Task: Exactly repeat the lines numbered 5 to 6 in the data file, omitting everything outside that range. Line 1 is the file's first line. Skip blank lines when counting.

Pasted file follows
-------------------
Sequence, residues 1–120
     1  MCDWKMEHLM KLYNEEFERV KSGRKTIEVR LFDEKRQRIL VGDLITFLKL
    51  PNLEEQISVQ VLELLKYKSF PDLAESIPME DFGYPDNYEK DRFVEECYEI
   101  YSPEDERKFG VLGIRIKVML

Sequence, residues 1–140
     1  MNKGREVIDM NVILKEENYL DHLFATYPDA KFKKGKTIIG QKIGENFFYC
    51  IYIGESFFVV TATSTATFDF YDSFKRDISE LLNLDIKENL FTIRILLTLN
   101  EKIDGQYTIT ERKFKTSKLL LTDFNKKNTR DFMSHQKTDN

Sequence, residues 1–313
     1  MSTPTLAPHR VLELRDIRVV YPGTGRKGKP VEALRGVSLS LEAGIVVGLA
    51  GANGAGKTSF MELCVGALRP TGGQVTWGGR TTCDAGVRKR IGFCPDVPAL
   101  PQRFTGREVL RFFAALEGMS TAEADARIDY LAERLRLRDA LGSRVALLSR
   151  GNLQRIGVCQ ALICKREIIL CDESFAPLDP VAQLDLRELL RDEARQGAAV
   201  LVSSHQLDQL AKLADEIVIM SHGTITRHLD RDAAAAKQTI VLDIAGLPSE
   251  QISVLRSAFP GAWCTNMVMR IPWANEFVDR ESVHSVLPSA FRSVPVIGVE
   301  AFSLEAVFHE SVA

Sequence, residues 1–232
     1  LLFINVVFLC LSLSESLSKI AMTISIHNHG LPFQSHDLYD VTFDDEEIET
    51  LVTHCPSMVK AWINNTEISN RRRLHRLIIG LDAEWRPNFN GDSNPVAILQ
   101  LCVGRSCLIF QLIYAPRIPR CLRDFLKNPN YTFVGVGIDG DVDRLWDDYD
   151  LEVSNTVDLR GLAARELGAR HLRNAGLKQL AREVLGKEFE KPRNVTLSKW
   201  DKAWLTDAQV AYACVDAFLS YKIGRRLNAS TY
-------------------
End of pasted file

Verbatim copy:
Sequence, residues 1–140
     1  MNKGREVIDM NVILKEENYL DHLFATYPDA KFKKGKTIIG QKIGENFFYC